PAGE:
Milgram, Stanley, Some Conditions of Obedience and Disobedience to Authority,
In Miller, A. (ed.), The Social Psychology of Psychological Research, 1972
"All organized hostility may be viewed as a theme and variation
on the three elements of authority, executant, and victim".
The premise of this famous study was -- If an experimenter tells a subject
to hurt another person, under what conditions will the subject go along
with this instruction, and under what conditions will he refuse to obey?
The focus of the study concerned the amount of electric shock a subject
is willing to administer to another person when ordered by an experimenter
to give the "victim" increasinly more severe punishment.
Thus, the subject must resolve a conflict- does he heed to experimenter's
orders and continue to shock for wrong answers, or does he heed the victim's
pleas and stop the experiment?
The subject is led to believe the study is on the effect of punishment on
learning, and must give increasinly stronger shocks to the "learner"
(an accomplish whose voice is on tape for each shock level).
The result is scored from 0 (unwilling to give first shock) to 30 (give
Initial pilot studies showed that people would heed the experimenter to
the end much more than expected.
The next study was on the proximity effect of the victim. Milgram found
that the closer the victim (seen but not hear, heard but not seen, in the
room, ) the more disobedience seen. This may be due to emphatic clues from
the victim or the "out of signt, out of mind" effect. Or maybe
putting the victim in the room allows group dynamics to form a bond between
subject and victim against the experimenter.
Another version of the study examined the closeness of authority. He found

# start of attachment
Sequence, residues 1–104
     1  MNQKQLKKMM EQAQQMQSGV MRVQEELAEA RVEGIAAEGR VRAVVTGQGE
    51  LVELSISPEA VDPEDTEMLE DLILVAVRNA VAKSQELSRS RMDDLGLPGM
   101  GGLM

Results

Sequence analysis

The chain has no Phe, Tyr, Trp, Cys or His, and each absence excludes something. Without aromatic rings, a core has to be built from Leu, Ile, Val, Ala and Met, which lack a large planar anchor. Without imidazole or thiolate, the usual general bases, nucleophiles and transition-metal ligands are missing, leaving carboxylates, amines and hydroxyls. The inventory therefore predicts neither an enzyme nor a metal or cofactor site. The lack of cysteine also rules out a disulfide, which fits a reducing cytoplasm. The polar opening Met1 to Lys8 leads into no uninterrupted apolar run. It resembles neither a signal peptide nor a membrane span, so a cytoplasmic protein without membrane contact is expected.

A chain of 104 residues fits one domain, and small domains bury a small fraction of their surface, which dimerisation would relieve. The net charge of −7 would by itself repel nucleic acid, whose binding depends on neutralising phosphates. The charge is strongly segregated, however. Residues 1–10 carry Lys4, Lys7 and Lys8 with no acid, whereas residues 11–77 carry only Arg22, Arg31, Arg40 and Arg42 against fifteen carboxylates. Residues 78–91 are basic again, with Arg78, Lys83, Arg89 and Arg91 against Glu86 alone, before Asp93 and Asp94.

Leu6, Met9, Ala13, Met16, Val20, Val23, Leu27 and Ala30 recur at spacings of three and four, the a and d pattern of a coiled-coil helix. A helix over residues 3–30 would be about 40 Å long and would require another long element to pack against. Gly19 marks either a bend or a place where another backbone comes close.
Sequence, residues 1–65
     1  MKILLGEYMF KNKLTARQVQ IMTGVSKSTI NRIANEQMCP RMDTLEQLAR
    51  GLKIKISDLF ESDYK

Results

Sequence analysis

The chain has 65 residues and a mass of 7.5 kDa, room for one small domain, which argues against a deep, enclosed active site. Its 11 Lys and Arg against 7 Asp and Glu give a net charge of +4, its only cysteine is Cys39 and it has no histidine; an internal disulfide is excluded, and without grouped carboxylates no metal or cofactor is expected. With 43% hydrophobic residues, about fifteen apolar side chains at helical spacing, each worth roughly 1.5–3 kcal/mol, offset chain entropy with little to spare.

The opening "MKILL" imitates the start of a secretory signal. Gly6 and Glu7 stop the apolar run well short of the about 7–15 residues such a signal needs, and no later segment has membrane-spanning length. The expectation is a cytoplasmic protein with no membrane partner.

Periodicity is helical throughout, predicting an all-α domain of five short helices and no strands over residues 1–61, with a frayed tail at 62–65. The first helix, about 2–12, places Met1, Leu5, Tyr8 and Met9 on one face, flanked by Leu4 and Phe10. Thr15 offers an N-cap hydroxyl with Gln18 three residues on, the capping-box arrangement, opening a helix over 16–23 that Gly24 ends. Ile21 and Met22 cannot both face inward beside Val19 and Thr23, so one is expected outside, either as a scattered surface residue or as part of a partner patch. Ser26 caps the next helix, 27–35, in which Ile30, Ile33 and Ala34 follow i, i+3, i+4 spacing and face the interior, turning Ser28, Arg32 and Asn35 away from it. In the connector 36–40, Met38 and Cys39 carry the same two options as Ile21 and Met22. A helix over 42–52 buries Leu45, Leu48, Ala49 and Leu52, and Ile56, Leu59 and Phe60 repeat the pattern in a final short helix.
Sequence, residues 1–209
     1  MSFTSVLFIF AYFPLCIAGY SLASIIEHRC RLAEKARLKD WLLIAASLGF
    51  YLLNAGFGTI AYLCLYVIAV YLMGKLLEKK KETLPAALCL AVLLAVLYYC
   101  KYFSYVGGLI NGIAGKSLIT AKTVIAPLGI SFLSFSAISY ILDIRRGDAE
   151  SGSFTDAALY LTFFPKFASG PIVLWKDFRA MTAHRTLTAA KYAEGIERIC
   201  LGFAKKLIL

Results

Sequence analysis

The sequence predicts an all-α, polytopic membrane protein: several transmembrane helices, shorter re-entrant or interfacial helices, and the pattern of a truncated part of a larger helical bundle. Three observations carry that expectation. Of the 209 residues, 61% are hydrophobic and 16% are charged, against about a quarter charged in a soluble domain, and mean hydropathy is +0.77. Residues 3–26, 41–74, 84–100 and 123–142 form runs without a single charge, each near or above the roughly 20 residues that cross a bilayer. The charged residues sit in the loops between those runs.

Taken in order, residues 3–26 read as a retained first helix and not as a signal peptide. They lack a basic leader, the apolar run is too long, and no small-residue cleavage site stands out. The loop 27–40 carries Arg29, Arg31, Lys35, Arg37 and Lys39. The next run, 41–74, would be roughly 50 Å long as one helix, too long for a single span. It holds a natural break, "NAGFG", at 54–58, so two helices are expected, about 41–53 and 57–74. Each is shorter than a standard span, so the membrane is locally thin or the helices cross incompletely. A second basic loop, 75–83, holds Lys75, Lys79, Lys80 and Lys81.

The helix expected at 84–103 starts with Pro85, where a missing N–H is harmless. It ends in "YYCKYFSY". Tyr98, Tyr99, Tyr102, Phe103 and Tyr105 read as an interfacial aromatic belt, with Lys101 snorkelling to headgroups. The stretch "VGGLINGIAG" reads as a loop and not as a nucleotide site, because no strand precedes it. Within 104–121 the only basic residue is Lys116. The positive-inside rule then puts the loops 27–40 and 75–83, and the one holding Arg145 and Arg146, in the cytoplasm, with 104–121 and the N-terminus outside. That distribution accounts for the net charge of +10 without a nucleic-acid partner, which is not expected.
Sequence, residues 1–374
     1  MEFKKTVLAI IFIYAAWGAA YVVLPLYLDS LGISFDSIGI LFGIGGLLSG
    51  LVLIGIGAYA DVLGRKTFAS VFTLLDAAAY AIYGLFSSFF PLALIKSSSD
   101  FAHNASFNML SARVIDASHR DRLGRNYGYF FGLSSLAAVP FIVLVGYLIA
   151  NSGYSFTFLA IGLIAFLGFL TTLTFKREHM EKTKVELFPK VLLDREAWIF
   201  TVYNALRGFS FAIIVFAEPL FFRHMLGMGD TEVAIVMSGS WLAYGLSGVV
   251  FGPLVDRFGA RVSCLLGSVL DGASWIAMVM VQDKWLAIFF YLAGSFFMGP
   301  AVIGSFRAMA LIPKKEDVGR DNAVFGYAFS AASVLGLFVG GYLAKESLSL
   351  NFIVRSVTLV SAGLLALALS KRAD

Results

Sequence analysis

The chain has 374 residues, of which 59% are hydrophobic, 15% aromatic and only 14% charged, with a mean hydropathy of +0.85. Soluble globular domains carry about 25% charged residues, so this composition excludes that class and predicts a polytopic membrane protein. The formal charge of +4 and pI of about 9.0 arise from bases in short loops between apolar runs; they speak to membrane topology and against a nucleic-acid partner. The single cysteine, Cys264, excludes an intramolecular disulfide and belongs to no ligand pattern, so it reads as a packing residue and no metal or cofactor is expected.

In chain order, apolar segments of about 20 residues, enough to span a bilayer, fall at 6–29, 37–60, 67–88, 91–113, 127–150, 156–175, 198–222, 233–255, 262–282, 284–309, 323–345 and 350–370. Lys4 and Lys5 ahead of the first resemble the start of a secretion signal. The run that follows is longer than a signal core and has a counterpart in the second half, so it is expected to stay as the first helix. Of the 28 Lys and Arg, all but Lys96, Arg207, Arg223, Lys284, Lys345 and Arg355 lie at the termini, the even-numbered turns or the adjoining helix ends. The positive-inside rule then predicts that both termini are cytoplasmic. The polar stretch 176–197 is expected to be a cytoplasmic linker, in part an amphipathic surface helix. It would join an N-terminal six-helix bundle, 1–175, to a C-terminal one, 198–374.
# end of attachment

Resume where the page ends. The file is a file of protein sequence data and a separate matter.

that disobedience went up drastically if the experimenter was out of the
room (on a telephone, or on tape). Sometimes the subject would "lie"
about what level of shock they administered to keep the voltage low.
Most subjects were extremely nervous and somewhat traumatized by the experience.
Strange nervous laughter was even heard by some subjects. Yet despite
extreme anxiety people continued to obey the experimenter. "Perhaps
our culture does not have adequate models for disobedience".
"Tension, it is assumed, results from the simultaneous presence of
two or more incompatible response tendencies".
During the initial study, one concern was that the subjects assumed that
since the study was being conducted at Yale, it must be safe and therefore
they were more confortable putting their trust in the experimenter. They
tested this hypothesis by repeating the experiment with a fictitious name
in an office building in Bridgeport with no connection to the university.
The results were the same.
Milgram had some pyschiatrists review the method and predict what the result
would be. Of course, the high level of obedience shocked everyone.
Milgram concludes with the grim observation that it seems people can easily
be persuaded to hurt other people given the right situation.